In Patience, Gilbert and Sullivan has a character confess something in a soliloquy song, and of course that sort of song would be useful in a mystery. And once I brought my detective on stage, he’d be able to deduce using Gilbertian logic and hideout on stage (the Trial By Jury set, if you remember) to eavesdrop on people. This video is not from a production (although it is from England). But the lines “the listeners respond with sighs and tremble in each joint” are there to give the eavesdroppers a funny bit of business, which doesn’t happen on this video.
Speaking of singing in counterpoint, I of course utilized quodlibets. (Can’t help it.) There’s one in the opening number, and I’ve five counter-melodies simultaneously running in It’s So Simple in which each suspect comes on to divert suspicion by ascribing a motivation to another character. Such as:
Yesterday I overheard a heated spat
Maud and Dapple arguing; the matter was financial.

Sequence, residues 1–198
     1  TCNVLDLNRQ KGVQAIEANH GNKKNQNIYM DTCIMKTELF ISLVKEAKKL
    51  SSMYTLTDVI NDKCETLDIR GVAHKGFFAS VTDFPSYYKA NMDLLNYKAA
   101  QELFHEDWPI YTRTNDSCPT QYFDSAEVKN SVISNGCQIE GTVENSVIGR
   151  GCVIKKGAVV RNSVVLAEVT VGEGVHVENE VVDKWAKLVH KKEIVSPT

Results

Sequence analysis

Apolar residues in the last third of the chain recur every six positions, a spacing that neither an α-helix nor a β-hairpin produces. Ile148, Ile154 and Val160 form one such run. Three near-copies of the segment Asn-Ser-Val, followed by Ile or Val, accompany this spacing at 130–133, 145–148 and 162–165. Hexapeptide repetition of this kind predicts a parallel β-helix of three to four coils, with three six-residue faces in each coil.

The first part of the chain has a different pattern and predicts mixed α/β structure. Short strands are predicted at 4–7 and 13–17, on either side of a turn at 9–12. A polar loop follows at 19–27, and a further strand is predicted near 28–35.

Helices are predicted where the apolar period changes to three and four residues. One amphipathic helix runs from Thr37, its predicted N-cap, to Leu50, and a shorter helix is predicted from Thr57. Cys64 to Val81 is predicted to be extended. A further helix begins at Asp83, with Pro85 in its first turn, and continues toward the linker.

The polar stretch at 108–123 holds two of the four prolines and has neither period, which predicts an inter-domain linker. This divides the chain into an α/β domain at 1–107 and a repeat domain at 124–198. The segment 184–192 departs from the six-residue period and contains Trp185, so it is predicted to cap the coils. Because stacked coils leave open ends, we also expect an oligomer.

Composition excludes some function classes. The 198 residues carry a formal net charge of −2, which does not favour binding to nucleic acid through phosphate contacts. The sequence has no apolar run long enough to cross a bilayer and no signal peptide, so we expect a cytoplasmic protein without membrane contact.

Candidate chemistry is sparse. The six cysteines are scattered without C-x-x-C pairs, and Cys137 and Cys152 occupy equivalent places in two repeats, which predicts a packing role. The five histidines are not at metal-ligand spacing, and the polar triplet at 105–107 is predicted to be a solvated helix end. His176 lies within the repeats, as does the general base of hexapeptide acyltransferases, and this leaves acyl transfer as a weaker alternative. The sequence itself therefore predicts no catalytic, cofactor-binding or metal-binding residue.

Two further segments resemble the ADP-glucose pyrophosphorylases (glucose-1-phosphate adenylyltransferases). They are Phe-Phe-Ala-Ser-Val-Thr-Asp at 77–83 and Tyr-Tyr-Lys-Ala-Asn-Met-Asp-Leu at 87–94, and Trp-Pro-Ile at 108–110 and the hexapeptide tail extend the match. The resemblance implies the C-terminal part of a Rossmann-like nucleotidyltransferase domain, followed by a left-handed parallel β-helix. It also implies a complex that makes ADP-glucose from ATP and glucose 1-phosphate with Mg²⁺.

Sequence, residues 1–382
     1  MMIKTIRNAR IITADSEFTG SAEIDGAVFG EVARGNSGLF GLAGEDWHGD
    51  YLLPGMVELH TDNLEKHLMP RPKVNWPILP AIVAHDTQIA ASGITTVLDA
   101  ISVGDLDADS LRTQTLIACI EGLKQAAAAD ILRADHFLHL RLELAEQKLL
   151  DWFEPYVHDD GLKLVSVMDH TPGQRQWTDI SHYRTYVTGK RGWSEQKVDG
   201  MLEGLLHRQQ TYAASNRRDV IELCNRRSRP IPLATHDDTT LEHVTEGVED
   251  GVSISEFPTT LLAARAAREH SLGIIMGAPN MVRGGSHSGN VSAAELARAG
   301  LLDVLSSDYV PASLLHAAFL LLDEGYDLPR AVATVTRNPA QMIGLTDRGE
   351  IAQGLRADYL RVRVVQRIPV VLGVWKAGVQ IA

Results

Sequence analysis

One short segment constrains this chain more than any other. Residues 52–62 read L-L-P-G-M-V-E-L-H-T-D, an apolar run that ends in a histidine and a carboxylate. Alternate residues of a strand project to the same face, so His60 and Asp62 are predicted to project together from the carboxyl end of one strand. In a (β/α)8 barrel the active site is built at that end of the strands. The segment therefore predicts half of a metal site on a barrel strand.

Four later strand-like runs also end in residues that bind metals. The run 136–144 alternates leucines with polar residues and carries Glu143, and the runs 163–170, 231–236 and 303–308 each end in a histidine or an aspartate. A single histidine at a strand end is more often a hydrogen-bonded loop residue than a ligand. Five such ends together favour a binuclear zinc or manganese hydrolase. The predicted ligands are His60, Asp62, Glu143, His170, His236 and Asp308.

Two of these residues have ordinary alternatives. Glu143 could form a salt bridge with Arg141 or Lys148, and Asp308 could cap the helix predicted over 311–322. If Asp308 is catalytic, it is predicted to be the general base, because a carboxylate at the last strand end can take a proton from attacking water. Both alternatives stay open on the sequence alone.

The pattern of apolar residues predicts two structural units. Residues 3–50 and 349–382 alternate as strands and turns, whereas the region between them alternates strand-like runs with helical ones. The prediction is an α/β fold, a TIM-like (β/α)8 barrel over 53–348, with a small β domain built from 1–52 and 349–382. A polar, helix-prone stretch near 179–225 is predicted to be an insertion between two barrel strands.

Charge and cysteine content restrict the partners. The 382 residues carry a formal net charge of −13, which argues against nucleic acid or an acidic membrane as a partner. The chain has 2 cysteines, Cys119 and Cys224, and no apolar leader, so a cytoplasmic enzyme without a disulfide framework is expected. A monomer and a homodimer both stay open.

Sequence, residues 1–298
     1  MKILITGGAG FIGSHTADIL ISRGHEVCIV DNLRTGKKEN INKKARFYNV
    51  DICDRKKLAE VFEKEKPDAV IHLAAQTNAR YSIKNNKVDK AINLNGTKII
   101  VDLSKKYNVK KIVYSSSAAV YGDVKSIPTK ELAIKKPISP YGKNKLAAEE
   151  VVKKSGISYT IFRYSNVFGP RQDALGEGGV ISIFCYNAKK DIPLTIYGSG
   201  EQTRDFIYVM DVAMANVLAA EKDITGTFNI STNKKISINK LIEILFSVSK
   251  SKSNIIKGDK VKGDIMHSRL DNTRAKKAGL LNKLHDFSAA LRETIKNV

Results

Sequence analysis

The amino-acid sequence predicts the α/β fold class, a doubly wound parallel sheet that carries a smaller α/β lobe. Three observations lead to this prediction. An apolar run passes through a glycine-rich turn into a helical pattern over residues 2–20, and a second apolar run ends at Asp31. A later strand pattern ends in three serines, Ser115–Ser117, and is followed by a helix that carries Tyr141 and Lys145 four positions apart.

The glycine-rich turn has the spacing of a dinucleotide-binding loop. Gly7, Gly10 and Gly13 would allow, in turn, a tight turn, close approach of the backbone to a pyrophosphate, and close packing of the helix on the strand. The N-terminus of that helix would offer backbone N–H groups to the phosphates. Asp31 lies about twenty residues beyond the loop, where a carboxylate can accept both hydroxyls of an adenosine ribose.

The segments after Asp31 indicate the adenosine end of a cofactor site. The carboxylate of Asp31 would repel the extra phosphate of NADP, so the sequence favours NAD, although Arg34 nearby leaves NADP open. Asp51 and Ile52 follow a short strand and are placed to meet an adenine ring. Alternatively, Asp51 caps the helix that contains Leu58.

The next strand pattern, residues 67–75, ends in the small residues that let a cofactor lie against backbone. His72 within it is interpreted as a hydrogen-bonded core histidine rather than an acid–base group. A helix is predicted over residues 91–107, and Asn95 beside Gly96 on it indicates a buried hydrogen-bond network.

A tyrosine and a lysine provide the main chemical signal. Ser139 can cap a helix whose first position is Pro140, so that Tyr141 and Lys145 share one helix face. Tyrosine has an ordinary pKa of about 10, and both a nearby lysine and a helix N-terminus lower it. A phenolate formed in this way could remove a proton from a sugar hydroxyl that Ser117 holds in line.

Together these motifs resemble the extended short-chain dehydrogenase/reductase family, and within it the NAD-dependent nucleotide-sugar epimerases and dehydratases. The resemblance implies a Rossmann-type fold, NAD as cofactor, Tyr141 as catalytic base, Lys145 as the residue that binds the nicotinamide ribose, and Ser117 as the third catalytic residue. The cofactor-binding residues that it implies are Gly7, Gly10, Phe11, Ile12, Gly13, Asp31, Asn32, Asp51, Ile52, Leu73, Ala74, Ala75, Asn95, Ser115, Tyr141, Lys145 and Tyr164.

Maud declared “I’ll kill you if you ask for that.”
Just a bit of evidence I hope you find substantial.
But back to school. At the time, I was taking some advanced course in Modern World Drama, taught by my faculty advisor, Martin Meisel. But with all the rehearsals (and somehow I was also cast as the lead in Trial By Jury), I could barely keep up with the reading, all plays by obscure Europeans, like Vaclav Havel (and how likely was I ever to hear that name again?). So, I feared I’d get a bad grade and bring down my Grade Point Average. Luckily, the school had something of a chicken exit option – you could switch, by a certain date, to pass/fail. If you did this, you’d eventually find out what grade your professor gave you, but it would only say “pass” on your record. Chicken, I was. But a busy chicken. And it’s not as if I wasn’t learning while I wasn’t doing the homework. Opening night, to my surprise, Professor Meisel was seated right behind me. As soon as the curtain came down he clamped his hand on my shoulder and said “That was marvelous!” Wonderful as his reaction was, I knew then and there that I never should have opted for pass/fail, for, at the end of the term, he rewarded me with an A, despite my shoddy work in his class, because he so appreciated Murder at the Savoy, or, Pulley of the Yard. But my record merely says “pass” and the A didn’t count on my GPA. Oh well: there goes grad school.